The sale of customer information is a possible reality for Barclays Bank and its customers.
It seems that Barclays (an international and well known financial services provider) is considering the sale of its customers’ apparently private information. We know this because the bank has been forthcoming about the possibility of going ahead with these sales before the end of the year.
Even though the practice is legal, and the exposed details of millions of banked clients, are promised by Barclays to be “numerical” and not “personal”, clients of the bank and consumers in general, are becoming disillusioned by systems in the economy that are supposed to protect them but instead, are, like, Barclay’s, using their information to capitalize on data which would otherwise merely take up space, or cyber space rather. Statistics show that 41% of Europeans (taken from a sample of nine countries in the EU) are uncomfortable with the practice at hand and believe that big data holding companies are putting them in danger.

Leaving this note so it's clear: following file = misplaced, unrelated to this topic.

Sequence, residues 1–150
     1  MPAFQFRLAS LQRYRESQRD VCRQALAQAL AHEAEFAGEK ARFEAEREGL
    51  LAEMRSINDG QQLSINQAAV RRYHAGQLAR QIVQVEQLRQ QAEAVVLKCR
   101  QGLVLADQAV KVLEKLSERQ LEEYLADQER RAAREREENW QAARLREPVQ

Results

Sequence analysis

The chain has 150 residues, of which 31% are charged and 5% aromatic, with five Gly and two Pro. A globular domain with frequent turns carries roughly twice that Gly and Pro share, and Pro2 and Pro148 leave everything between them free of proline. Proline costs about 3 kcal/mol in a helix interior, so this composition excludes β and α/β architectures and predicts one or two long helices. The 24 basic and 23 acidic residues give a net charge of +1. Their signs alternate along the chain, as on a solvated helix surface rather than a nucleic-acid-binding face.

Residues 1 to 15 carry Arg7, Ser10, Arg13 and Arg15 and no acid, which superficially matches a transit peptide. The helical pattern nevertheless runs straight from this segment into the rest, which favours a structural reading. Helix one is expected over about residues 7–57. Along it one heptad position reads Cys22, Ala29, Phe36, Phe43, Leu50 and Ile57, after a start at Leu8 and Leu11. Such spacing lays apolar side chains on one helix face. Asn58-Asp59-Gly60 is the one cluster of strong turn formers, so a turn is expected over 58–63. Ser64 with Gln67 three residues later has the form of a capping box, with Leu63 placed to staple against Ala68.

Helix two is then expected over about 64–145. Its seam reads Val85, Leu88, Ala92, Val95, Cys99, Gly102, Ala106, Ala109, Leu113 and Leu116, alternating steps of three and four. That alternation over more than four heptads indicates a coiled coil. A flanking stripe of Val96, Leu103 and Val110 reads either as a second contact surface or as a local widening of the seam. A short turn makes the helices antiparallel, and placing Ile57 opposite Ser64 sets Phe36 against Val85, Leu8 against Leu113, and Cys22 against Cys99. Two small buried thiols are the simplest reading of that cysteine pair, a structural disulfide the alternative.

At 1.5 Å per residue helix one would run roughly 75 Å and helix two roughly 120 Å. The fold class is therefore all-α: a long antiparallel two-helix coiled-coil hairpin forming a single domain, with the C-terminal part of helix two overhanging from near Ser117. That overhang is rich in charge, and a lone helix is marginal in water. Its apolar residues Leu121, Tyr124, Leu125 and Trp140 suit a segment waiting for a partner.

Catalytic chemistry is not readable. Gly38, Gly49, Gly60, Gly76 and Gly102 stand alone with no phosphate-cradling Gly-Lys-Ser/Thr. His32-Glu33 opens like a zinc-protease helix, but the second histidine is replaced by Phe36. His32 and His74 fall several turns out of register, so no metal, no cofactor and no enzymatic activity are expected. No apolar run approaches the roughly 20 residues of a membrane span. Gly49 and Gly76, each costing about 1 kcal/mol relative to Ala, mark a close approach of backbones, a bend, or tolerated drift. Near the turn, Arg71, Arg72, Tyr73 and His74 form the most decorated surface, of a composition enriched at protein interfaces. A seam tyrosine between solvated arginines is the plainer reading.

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But public opinion aside, the altered terms and conditions in Barclay’s customer contracts, will also allow the bank to capture customer data through social media sites and in an anti-fraud mission by following the movement of clients and their credit-cards travelling abroad through cell phone tracking. Surely not a bad thing in today’s slippery societies, or is it?
Is it fair to judge Barclays bank when many other financial powerhouses are following suit, including credit card super hero MasterCard who was berated in today’s papers for its own use of customer details for profit?
Some would insist that judgment is crucial here, like Nick Pickles, director of privacy campaign group Big Brother Watch who stated, “If this data has value, then it should be up to Mastercard to ask customers for permission to use their information and offer consumers something in return.”